In 1572, Montaigne retired to his estates in order to devote himself to leisure, reading and reflection. There he wrote his constantly expanding 'essays', inspired by the ideas he found in books from his library and his own experience. He discusses subjects as diverse as war-horses and cannibals, poetry and politics, sex and religion, love and friendship, ecstasy and experience. Above all.
Ch.1, Pg.373: On The Inconstancy Of Our Actions (Book 2) Summary: “Montaigne opens book two with insight into human tendencies, flaws, and actions. He explains how people are too quick on their judgement; How one mistake can define a person, even what their good out weighs the bad. Also, he explains how we all think so differently and.
On the Inconsistancy of Our Actions: This one is very interesting. Montaigne laments the inconsistency of men, stating that instead of following a path to wisdom throughout their lives, they are ruled solely by their appetites, living for the here-and-now and are merely motivated by opportunity, very much like animals. They blow with the winds. He gives various examples on inconstancy, leading.
While we cannot reasonably set the play in a Sharia state with our budget and capabilities, I do want to find visual echoes. For example the Nun’s explanations about how she cannot both show her face and speak should conjure up similarities to a burqa. Angelo’s delusions of himself as a prophet of the law, hoping to extinguish future evils like crushing snake’s eggs, is the same delusion.Learn More
The ripeness, or unripeness, of the occasion (as we said) must ever be well weighed; and generally it is good, to commit the beginnings of an great actions to Argus, with his hundred eyes, and the ends to Briareus, with his hundred hands; first to watch, and then to speed. For the helmet of Pluto, which maketh the politic man go invisible, is secrecy in the counsel, and celerity in the.Learn More
For the most part; it goeth cleane contrary, and commonly feele our selves more mooved with the sports, idlenesse, wantonnesse, and infant-trifles of our children, than afterward we doe with all their actions, when they bee men: As if we had loved them for our pastimes, as we doe apes, monkies, or perokitoes, and not as men. And some that liberally furnish them with sporting bables while they.Learn More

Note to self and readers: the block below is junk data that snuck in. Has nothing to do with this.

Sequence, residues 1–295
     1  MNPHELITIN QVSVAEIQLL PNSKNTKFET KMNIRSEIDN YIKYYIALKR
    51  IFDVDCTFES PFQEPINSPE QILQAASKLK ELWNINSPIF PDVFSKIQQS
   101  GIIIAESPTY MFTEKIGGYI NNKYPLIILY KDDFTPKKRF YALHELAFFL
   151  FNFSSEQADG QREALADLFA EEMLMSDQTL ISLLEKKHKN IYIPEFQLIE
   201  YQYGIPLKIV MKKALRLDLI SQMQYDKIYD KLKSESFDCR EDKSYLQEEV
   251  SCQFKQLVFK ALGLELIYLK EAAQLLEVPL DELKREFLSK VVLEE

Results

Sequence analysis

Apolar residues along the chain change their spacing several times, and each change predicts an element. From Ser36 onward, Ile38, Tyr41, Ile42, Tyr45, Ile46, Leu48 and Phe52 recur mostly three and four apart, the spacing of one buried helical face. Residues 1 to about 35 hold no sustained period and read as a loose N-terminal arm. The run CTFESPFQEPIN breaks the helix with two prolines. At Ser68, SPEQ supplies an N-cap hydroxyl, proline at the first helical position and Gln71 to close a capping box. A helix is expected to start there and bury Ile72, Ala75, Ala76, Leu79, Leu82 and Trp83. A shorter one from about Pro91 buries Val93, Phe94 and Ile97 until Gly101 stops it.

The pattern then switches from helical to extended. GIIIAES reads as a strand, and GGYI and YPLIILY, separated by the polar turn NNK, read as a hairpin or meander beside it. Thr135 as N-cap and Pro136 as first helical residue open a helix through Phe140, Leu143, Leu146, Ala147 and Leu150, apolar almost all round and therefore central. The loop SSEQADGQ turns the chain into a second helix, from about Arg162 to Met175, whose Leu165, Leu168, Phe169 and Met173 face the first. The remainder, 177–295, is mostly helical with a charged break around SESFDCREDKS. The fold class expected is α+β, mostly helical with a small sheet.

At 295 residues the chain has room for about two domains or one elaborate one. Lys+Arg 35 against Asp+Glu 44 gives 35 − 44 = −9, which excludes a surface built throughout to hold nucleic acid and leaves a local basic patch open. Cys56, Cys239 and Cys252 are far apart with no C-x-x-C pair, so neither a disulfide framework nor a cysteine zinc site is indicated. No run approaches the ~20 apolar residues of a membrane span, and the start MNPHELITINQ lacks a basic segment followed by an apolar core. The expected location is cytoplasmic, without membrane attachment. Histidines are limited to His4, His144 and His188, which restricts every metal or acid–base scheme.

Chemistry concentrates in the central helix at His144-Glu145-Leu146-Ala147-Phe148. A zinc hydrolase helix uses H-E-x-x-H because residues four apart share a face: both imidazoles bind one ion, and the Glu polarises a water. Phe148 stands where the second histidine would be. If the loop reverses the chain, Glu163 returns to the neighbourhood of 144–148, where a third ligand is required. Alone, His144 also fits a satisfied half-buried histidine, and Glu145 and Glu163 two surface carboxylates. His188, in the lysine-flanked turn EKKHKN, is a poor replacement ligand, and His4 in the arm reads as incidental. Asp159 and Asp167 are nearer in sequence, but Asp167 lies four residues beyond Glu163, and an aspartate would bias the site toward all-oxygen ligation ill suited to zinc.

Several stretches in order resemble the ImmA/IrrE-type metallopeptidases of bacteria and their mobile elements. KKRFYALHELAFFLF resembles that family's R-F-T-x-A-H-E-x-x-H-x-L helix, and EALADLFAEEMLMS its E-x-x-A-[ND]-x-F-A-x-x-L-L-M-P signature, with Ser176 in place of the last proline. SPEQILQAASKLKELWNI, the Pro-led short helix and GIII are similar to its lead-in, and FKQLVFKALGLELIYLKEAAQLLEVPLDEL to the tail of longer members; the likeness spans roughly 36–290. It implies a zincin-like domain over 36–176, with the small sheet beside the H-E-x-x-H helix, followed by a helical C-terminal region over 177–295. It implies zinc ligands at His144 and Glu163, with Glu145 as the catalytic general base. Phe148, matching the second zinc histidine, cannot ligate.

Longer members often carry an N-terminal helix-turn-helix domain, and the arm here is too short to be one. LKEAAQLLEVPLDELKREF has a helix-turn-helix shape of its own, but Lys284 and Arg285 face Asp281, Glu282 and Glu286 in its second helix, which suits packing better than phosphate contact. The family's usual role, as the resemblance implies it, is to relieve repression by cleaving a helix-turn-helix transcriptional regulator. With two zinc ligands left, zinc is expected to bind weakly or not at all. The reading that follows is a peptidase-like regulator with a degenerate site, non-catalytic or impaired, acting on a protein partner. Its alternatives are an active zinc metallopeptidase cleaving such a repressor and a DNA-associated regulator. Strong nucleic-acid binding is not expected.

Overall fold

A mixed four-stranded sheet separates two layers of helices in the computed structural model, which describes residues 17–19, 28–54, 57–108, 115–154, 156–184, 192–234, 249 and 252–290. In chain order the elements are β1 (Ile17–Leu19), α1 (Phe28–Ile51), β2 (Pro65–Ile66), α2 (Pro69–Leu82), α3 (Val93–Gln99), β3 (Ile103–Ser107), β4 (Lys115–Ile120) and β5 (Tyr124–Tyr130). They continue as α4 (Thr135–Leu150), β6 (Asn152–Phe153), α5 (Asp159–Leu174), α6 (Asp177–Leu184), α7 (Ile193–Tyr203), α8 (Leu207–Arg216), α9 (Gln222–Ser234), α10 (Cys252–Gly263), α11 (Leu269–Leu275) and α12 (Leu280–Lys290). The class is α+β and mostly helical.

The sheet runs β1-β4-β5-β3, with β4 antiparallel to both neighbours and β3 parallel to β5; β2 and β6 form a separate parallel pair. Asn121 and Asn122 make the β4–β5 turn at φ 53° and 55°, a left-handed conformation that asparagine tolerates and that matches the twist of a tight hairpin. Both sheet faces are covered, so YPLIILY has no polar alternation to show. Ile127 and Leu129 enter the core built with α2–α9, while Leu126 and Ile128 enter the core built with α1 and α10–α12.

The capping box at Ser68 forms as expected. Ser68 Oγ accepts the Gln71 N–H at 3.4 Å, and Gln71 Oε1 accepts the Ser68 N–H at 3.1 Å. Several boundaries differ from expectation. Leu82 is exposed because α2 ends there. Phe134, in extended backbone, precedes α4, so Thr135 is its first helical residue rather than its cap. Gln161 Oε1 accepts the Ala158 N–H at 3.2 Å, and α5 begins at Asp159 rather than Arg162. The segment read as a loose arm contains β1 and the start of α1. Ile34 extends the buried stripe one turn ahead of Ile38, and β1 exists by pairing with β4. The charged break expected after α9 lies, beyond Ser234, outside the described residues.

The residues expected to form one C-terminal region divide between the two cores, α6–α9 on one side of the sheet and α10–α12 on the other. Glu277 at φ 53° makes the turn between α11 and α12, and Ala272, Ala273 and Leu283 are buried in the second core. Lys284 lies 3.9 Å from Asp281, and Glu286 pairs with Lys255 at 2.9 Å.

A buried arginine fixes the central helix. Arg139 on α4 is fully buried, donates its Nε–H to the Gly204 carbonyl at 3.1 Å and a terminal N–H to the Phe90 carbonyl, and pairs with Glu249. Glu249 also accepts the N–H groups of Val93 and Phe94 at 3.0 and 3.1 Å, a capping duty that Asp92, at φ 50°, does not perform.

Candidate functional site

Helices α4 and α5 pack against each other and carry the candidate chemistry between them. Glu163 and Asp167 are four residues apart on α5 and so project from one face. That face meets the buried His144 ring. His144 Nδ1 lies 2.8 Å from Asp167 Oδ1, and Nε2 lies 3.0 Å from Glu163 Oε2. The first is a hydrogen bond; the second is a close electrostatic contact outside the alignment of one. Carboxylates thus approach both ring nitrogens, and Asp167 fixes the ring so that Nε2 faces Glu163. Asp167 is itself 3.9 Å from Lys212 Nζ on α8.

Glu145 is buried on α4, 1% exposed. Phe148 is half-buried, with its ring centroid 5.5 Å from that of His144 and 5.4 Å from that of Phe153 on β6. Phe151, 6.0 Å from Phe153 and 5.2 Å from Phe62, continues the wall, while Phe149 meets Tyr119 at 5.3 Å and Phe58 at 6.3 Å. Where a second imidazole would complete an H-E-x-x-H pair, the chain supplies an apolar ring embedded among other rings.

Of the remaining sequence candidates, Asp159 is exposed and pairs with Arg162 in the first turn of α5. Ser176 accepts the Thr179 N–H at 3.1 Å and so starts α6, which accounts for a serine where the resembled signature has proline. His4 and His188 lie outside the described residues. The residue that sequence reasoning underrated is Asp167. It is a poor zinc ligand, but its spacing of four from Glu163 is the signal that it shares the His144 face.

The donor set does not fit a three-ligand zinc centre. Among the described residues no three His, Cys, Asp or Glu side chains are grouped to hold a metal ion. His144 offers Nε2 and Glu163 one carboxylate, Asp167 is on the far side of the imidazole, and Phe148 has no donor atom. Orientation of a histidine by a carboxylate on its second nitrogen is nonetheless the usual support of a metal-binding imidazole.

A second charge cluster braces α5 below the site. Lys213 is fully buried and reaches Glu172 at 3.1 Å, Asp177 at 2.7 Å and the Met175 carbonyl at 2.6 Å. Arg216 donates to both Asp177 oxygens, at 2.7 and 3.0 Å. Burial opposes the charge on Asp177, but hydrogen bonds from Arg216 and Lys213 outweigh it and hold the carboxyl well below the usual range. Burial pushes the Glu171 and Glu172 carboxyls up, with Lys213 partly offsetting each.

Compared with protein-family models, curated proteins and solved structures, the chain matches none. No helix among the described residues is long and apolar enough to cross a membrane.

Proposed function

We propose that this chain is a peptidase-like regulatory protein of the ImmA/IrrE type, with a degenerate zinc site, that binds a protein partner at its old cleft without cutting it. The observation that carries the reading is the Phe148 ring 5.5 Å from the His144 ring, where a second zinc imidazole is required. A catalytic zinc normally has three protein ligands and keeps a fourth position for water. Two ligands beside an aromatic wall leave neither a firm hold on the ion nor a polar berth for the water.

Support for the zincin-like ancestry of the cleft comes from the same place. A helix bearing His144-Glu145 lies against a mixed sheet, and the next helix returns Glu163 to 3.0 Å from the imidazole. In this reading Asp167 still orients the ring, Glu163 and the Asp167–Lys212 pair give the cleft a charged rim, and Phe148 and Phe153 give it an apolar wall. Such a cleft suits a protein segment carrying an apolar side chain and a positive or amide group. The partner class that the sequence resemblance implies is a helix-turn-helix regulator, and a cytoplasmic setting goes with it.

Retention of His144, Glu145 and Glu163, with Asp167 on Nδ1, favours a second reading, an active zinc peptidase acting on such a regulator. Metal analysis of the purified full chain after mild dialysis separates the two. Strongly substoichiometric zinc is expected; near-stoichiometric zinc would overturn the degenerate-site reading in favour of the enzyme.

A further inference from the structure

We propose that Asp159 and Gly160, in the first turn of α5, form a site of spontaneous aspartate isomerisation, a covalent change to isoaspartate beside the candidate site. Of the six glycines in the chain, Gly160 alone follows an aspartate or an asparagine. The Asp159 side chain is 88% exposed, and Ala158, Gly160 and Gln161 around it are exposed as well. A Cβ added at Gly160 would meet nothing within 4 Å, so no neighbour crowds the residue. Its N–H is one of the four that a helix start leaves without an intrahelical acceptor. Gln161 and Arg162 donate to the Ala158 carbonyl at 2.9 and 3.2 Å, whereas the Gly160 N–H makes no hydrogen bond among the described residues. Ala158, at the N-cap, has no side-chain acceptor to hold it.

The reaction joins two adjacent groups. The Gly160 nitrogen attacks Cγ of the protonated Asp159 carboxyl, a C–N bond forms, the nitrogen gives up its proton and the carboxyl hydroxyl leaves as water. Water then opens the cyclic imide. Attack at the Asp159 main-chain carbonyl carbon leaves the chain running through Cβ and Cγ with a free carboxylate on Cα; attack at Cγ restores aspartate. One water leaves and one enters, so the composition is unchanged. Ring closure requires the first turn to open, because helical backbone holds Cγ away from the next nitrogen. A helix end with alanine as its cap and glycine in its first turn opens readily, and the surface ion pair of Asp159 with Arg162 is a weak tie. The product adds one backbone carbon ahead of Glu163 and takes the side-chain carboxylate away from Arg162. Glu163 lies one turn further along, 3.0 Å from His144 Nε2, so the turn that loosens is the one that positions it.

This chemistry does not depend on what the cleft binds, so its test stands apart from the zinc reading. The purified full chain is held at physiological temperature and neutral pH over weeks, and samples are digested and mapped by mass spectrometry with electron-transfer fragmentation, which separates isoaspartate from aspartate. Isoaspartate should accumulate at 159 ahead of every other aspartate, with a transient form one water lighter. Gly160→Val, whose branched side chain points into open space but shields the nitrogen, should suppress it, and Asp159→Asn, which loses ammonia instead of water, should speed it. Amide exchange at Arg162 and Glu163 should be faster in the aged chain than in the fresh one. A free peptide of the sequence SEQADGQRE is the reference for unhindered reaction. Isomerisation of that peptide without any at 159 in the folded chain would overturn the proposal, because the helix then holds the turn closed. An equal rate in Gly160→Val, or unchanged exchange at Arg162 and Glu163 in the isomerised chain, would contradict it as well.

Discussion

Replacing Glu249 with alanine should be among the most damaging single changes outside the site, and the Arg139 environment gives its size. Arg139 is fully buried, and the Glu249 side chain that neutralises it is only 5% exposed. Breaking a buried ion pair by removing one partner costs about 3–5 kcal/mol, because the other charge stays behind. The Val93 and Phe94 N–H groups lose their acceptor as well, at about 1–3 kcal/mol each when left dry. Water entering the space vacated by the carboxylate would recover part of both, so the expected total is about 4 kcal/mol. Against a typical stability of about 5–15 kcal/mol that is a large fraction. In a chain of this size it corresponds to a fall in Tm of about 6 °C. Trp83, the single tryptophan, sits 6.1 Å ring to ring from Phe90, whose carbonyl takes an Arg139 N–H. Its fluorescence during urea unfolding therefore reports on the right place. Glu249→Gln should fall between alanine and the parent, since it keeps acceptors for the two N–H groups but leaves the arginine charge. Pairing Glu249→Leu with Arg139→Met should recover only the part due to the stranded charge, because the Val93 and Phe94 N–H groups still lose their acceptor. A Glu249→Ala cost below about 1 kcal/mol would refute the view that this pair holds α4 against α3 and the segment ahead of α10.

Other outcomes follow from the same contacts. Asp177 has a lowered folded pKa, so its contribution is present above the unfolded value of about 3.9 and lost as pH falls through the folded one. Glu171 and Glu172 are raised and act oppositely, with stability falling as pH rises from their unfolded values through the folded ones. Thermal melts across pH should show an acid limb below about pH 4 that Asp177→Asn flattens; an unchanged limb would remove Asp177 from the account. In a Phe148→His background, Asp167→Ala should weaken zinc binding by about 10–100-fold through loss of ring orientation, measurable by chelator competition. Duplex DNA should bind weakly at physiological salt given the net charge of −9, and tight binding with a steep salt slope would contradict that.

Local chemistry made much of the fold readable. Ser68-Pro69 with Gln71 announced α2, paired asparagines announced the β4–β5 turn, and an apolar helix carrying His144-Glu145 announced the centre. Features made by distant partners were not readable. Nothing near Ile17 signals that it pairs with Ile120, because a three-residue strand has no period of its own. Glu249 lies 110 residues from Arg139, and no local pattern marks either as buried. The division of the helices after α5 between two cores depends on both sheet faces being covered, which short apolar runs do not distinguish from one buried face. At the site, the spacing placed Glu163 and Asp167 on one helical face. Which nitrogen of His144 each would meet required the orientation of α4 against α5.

The rehearsal script for our forthcoming production contains both these kinds of change. Exploring the interventions and reorderings in the 1964 National Theatre prompt-book is, therefore, especially fascinating as we embark on our own matching venture. What Gaskill and Haggard did is, at least at the time of writing, much more drastic than.Learn More
Here we see a development of the process of examining the monster we saw in Montaigne. The lunar world is “strange,” it would appear, because those who live there are “just like us.” Strangeness, as Montaigne reminded us, is a matter of expectation and perception. And in this case it is linked, not to body shape, but to movement. For the great difference between these “man-beasts.Learn More
When we are well we wonder what we would do if we were ill, but when we are ill we take medicine cheerfully; the illness persuades us to do so. We have no longer the passions and desires for amusements and promenades which health gave to us, but which are incompatible with the necessities of illness. Nature gives us, then, passions and desires suitable to our present state. We are only.Learn More
Lehnhof claims that King Lear’s actions were the opposite of what Levinas understood as responsibility. In the play, Lear proclaims, tis our fast intent to shake all cares and business from our age, Conferring them on younger strengths, while we Unburdened may crawl toward death (1.1.37-40). King Lear plans to divide his kingdom among his.Learn More
We are going about our days, kind of just sleepwalking, when— ah! something captures our attention, we find ourselves piqued, we need this thing right now—we drop what we are doing and rush head-in. And for a while, we are totally and completely obsessed with this thing, we cannot get enough of it, and it occupies our minds, never letting us go: We are enthralled. And then we get bored.Learn More
Our reading habits reveal our minds; reciprocally, the way and what we read can also shape, even nourish our minds. The words we read are not merely, as the saying goes, food for thought (and sometimes, thus, the semblance of thought), or trusted friends, but they can even be medicine of the mind.Learn More
I believe that during certain periods in our lives we are drawn to particular books - whether it's strolling down the aisles of a bookshop with no idea whatsoever of what it is that we want to read and suddenly finding the most perfect, most wonderfully suitable book staring us right in the face. Unblinking. Or a chance meeting with a stranger or friend who recommends a book we would never.Learn More
Lucretius (c. 99—c. 55 B.C.E.) Lucretius (Titus Lucretius Carus) was a Roman poet and the author of the philosophical epic De Rerum Natura (On the Nature of the Universe), a comprehensive exposition of the Epicurean world-view.Very little is known of the poet’s life, though a sense of his character and personality emerges vividly from his poem.Learn More
We are ready to sacri ce our true, transitory self for the imaginary eternal self we are building up, by our heroic deeds, in the opinion and imagination of others. In the practice of mass movements, make-believe plays perhaps a more enduring role than any other factor. When faith and the power to persuade or coerce are gone, make-believe lingers on. There is no doubt that in staging its.Learn More